One interesting aspect of this is that patients with non-celiac gluten sensitivity may have a different type of autoimmune reaction, which just underlines that celiac disease and non-celiac gluten sensitivity are two different things. But the point is that both involve potentially serious autoimmune responses.
8. Damage to the Gut Biome
Not the all-important gut biome! The gut biome, aka the gut microbiome, aka the gut flora, is the collection of friendly bacteria that live in your gut. They help regulate your immune system, control intestinal permeability, digest your food, synthesize nutrients like vitamin K2, send hunger/fullness signals to your brain, and do all kinds of other stuff.
But they really don’t like gluten, and gluten really doesn’t like them. People with celiac disease often have very bad problems with the gut flora, but those problems are significantly reduced when the person eliminates gluten. Once again, it’s not limited to celiac disease: non-celiac gluten sensitivity also involves disturbances in the gut flora.
Even in people who aren’t sensitive to gluten at all, inflammation caused by other components of wheat can also rebound on the gut biome. And independently of any of that, wheat is also high in FODMAPs, which may be an issue for people with sensitivities to that.
9. Gastrointestinal Symptoms (Even for People who Don’t have Celiac Disease)
All this stuff about gut bacteria and intestinal permeability might seem totally abstract and disconnected from the real world, so let’s bring it back down to earth: this stuff has actual, noticeable consequences. Most of the direct damage involves the gut, so it makes sense to start there:
In people with celiac disease, gluten causes immediate and severe symptoms (diarrhea and/or constipation, heartburn, pain, bloating, gas, stools that smell awful, sometimes vomiting…).
In people with non-celiac gluten sensitivity, symptoms are typically similar to celiac disease.
Even in people who aren’t sensitive to gluten specifically, the inflammatory action of other components of wheat (wheat germ agglutinin and amylase trypsin inhibitors) contributes to chronic, relapsing gut problems.
Of course, there are non-wheat-related reasons why a person might have GI problems (stress is a biggie, and stress is certifiably gluten-free). But gluten can contribute to the problem, even if it’s ‘only’ a low-level inflammatory response that you’ve gotten used to. Sure, constipation and feeling bloated after meals might be your ‘normal,’ but what if it didn’t have to be?
10. Brain Symptoms
Think of gluten or wheat issues, and you probably think of the gut first. The typical symptoms are all gut-related. But actually, there’s another important organ at stake: your brain.
Brain fog and fatigue are symptoms of both celiac disease and non-celiac gluten sensitivity. On a more serious note, the gut inflammation and microbiome disturbances involved in the immune-inflammatory response to gluten may increase vulnerability to dementia and Alzheimer’s disease. Autoimmunity in general (whether it’s celiac disease or some other gluten-related autoimmunity) may be involved in depression.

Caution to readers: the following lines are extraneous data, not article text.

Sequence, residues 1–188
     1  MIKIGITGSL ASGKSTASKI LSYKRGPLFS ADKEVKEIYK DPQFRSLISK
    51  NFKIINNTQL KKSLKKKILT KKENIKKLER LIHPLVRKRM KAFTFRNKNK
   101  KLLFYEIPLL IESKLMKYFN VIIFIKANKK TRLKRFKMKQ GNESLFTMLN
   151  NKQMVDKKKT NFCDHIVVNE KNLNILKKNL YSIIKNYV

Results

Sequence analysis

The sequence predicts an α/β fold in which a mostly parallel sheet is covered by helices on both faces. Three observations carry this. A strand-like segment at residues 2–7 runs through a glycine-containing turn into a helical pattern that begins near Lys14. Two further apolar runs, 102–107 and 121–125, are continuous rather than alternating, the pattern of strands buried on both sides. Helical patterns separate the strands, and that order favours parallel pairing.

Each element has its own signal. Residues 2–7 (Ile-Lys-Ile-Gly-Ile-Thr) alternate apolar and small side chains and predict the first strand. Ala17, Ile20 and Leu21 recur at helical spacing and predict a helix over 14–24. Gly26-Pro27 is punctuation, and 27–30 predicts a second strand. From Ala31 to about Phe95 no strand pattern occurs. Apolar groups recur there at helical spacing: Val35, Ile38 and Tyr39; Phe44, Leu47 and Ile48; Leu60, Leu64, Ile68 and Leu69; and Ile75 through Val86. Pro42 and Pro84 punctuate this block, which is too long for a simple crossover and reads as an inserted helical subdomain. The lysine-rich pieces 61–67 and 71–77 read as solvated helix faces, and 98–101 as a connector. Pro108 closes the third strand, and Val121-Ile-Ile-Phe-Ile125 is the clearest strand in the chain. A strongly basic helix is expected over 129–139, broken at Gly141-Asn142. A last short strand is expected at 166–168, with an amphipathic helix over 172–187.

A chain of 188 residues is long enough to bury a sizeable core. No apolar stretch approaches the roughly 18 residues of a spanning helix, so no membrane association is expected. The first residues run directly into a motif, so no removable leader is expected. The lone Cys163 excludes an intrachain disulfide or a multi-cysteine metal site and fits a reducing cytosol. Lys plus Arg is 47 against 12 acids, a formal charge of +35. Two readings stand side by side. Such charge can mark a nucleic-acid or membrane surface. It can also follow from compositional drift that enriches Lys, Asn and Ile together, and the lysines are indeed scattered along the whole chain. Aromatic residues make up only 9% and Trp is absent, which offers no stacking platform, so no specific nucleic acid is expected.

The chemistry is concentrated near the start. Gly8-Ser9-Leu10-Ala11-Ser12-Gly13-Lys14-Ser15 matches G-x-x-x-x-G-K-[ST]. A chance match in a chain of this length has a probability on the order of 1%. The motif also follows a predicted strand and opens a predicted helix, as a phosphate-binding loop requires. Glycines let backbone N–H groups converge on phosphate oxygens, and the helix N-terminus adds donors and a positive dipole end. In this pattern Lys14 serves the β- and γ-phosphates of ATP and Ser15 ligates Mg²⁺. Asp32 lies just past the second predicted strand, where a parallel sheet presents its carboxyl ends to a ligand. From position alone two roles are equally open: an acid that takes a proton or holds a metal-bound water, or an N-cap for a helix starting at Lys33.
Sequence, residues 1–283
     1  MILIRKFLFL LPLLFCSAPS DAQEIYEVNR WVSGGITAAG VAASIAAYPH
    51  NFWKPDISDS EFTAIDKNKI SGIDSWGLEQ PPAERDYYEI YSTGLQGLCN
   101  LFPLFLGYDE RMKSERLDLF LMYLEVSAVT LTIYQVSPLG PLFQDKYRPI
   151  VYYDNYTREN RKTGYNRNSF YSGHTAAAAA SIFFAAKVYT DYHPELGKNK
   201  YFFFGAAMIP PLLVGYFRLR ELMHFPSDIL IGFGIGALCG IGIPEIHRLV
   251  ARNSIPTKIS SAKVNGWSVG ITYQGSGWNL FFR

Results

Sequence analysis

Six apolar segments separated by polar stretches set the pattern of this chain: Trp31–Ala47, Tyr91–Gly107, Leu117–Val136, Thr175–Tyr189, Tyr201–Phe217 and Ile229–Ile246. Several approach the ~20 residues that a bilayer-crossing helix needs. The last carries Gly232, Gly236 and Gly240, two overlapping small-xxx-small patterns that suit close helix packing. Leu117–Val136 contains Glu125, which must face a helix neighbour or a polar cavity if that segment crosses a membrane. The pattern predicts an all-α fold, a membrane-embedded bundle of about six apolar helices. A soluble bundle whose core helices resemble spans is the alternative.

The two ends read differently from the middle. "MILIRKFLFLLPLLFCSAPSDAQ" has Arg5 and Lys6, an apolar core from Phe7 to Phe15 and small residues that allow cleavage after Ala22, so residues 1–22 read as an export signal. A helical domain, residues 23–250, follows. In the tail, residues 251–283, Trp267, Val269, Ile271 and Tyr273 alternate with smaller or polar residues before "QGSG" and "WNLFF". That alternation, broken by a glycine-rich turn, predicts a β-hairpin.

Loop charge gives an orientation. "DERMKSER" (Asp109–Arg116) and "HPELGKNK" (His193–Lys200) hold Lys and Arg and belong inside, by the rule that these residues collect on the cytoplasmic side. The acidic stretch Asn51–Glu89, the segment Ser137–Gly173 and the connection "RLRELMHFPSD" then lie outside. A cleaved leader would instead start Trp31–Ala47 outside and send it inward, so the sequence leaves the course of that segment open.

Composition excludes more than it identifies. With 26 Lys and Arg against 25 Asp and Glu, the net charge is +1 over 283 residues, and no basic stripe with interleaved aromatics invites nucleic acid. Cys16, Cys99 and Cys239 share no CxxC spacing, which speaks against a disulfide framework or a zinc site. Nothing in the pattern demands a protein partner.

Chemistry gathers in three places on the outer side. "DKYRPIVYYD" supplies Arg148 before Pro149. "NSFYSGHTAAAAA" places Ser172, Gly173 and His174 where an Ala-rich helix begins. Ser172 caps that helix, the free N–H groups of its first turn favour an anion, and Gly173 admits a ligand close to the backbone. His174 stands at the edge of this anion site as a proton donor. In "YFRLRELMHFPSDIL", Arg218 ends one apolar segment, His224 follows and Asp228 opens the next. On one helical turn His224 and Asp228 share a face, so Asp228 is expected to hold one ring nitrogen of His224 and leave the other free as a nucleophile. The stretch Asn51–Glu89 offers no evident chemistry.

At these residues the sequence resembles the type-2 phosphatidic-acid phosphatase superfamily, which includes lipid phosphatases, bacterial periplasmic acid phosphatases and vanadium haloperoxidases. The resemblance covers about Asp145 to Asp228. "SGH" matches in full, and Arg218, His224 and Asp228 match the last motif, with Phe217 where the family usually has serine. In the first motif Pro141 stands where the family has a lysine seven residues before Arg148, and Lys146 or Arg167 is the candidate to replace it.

This doesn’t mean that gluten is the cause of all mental health problems or that eliminating gluten will cure them. Nobody is saying that. Mental health is complicated and there are all kinds of factors to consider. The point is that in some people, gluten may be one of them.
11. Skin Symptoms
The most famous cause of gluten-related skin problems is celiac disease, which can cause a skin disease called dermatitis herpetiformis. Symptoms of dermatitis herpetiformis include an itchy, red rash with raised blisters. Symptoms typically show up in a person’s 20’s.
And once again, this isn’t limited to celiac disease. This study describes the way non-celiac gluten sensitivity can show up as skin problems: ‘very itchy…similar to eczema, psoriasis, or dermatitis herpetiformis.’ The itchy skin showed up most often on the arms and legs.
The upshot: wheat is pretty bad news even for people who don’t have celiac disease. And the symptoms don’t necessarily show up as dramatic episodes of vomiting and diarrhea. Why not try giving it up for a few weeks just to see how your body reacts – you might be surprised!”
Smoking is not healthy, that much has been established. Vaping has been seen as a “better alternative,” but it, too, has health implications.
BBC Health – “Researchers found e-cigarette vapour disabled important immune cells in the lung and boosted inflammation.
The researchers ‘caution against the widely held opinion that e-cigarettes are safe’.
However, Public Health England advises they are much less harmful than smoking and people should not hesitate to use them as an aid to giving up cigarettes.
The small experimental study, led by Prof David Thickett, at the University of Birmingham, is published online in the journal Thorax.
Previous studies have focused on the chemical composition of e-cigarette liquid before it is vaped.
In this study, the researchers devised a mechanical procedure to mimic vaping in the laboratory, using lung tissue samples provided by eight non-smokers.
They found vapour caused inflammation and impaired the activity of alveolar macrophages, cells that remove potentially damaging dust particles, bacteria and allergens.
They said some of the effects were similar to those seen in regular smokers and people with chronic lung disease.
They caution the results are only in laboratory conditions and advise further research is needed to better understand the long-term health impact – the changes recorded took place only over 48 hours.
An independent review of the latest evidence on e-cigarettes was published by Public Health England in February.
The review concluded there was ‘overwhelming evidence’ they were far safer than smoking and ‘of negligible risk to bystanders’ and advised they should be available on prescription because of how successful they had been in helping people give up smoking.
Prof Thickett said while e-cigarettes were safer than traditional cigarettes, they may still be harmful in the long-term as research was in its infancy.